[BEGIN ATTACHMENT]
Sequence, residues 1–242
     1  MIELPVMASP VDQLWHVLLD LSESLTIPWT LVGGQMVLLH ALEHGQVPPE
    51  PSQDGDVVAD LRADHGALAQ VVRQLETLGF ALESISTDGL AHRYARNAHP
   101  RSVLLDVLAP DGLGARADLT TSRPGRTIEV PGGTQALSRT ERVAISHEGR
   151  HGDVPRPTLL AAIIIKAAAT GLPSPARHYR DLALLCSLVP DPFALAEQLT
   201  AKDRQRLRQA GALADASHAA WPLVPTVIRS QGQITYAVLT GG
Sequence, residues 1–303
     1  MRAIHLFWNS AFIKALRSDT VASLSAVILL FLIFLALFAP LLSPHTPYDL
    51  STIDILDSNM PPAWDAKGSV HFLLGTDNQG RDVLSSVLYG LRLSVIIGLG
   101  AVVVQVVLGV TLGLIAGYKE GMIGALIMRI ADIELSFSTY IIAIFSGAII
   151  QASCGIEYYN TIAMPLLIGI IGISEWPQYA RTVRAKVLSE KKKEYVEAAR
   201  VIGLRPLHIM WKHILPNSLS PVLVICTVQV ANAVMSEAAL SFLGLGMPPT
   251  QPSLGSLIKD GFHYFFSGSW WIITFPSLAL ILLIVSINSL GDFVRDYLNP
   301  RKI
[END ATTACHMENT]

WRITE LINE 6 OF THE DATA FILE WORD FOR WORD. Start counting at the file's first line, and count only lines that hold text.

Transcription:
   201  AKDRQRLRQA GALADASHAA WPLVPTVIRS QGQITYAVLT GG